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dinsdag 21 maart 2017

The Lancet: [Articles] Clinically significant bleeding with low-dose rivaroxaban versus aspirin, in addition to P2Y12...

[Articles] Clinically significant bleeding with low-dose rivaroxaban versus aspirin, in addition to P2Y12 inhibition, in acute coronary syndromes (GEMINI-ACS-1): a double-blind, multicentre, randomised trial
A dual pathway antithrombotic therapy approach combining low-dose rivaroxaban with a P2Y12 inhibitor for the treatment of patients with acute coronary syndromes had similar risk of clinically significant bleeding as aspirin and a P2Y12 inhibitor. A larger, adequately powered trial would be required to definitively assess the efficacy and safety of this approach.
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[Articles] Subclinical leaflet thrombosis in surgical and transcatheter bioprosthetic aortic valves: an observational study
Subclinical leaflet thrombosis occurred frequently in bioprosthetic aortic valves, more commonly in transcatheter than in surgical valves. Anticoagulation (both NOACs and warfarin), but not dual antiplatelet therapy, was effective in prevention or treatment of subclinical leaflet thrombosis. Subclinical leaflet thrombosis was associated with increased rates of TIAs and strokes or TIAs. Despite excellent outcomes after TAVR with the new-generation valves, prevention and treatment of subclinical leaflet thrombosis might offer a potential opportunity for further improvement in valve haemodynamics and clinical outcomes.
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[Comment] Bioprosthetic surgical and transcatheter heart valve thrombosis
Excellent outcomes of transcatheter aortic valve replacement (TAVR) have been experienced by patients with aortic stenosis at high and intermediate risk of surgery.1 Findings from large randomised trials1,2 have shown survival with TAVR that is similar to or improved compared with bioprosthetic surgical aortic valve replacement (SAVR), and very low stroke rates have been observed with new-generation devices. Investigators of echocardiographic follow-up studies3 have consistently reported low transvalvular gradients up to 5 years after TAVR and SAVR, with slightly greater aortic valve areas after TAVR than after SAVR.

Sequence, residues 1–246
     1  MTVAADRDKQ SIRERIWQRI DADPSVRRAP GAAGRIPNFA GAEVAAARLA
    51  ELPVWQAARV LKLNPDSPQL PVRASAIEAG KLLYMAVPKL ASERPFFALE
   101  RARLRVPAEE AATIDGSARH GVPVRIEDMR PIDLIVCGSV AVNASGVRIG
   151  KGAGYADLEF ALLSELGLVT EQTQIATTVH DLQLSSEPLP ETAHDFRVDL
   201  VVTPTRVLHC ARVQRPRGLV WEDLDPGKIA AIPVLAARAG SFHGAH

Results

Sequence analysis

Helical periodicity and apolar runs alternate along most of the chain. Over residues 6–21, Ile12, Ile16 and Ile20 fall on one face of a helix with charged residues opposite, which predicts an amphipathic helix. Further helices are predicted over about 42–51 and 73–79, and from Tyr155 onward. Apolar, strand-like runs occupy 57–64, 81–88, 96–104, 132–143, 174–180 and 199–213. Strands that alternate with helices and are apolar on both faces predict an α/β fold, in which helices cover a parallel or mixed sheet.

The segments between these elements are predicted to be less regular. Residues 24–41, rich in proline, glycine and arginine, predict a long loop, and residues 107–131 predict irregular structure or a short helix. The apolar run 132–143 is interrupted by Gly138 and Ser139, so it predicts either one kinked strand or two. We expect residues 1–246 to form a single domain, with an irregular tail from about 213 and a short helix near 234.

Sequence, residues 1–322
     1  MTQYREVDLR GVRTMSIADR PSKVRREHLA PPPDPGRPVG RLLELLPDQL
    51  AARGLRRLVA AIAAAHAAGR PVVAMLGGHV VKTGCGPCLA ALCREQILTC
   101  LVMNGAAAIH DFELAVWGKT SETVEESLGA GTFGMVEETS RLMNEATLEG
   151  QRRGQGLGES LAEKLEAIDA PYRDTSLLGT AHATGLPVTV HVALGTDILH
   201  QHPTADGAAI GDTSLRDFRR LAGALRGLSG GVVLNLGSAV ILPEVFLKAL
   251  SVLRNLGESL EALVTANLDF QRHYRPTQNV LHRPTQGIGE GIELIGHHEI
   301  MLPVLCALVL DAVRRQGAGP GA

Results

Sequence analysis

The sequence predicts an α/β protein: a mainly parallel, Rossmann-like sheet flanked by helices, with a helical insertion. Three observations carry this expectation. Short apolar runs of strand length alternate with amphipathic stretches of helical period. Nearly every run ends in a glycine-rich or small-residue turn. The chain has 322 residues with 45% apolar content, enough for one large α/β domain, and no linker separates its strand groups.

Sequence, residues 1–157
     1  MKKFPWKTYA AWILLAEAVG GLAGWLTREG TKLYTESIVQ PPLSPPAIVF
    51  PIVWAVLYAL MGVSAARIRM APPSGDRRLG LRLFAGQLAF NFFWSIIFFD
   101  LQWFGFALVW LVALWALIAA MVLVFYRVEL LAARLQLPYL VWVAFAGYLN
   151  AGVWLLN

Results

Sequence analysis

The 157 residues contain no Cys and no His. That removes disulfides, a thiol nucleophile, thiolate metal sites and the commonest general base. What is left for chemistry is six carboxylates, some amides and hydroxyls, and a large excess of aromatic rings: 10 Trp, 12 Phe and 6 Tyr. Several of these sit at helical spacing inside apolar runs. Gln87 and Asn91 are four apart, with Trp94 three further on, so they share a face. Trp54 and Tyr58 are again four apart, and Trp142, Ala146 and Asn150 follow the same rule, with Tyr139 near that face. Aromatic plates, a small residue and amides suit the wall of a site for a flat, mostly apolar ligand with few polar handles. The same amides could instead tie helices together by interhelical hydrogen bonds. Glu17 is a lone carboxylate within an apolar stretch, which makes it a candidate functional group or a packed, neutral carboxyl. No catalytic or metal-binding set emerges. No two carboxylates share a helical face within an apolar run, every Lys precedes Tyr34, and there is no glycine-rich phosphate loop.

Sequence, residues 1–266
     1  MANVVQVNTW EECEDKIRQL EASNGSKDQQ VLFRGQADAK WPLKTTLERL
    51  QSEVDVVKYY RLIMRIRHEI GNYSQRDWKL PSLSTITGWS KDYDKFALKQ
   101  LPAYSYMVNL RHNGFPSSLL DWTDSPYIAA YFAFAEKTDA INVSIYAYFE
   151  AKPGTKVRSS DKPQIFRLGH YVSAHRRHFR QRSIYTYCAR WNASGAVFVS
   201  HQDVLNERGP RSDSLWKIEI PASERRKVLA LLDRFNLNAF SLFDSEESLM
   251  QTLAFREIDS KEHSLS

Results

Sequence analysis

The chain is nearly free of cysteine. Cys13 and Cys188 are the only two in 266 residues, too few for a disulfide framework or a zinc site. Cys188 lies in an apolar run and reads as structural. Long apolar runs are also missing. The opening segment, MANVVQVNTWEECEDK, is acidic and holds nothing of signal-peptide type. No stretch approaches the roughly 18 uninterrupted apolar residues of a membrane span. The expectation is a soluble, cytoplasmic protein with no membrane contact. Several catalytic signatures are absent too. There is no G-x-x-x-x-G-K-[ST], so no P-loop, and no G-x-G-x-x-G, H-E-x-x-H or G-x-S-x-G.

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[Comment] Optimising care for children with kidney disease
The theme for World Kidney Day in 2016 was "kidney disease and children: act early to prevent it". Given the adverse effect of renal replacement therapy—dialysis and transplantation—on quality of life and health care resources, few would disagree with this ambition. For some children, however, end-stage kidney disease cannot be avoided and its effects have to be managed and outcomes optimised. With increasing fiscal pressures on health services in many settings around the world, the Article in The Lancet by Nicholas Chesnaye and colleagues looking at macroeconomics and survival on renal replacement therapy in Europe is timely.
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[Articles] Mortality risk disparities in children receiving chronic renal replacement therapy for the treatment of end-stage renal disease across Europe: an ESPN-ERA/EDTA registry analysis
Substantial international variation exists in paediatric renal replacement therapy mortality rates across Europe, most of which was explained by disparities in public health expenditure, which seems to limit the availability and quality of paediatric renal care. Differences between countries in their ability to accept and treat the youngest patients, who are the most complex and costly to treat, form an important source of disparity within this population. Our findings can be used by policy makers and health-care providers to explore potential strategies to help reduce these health disparities.
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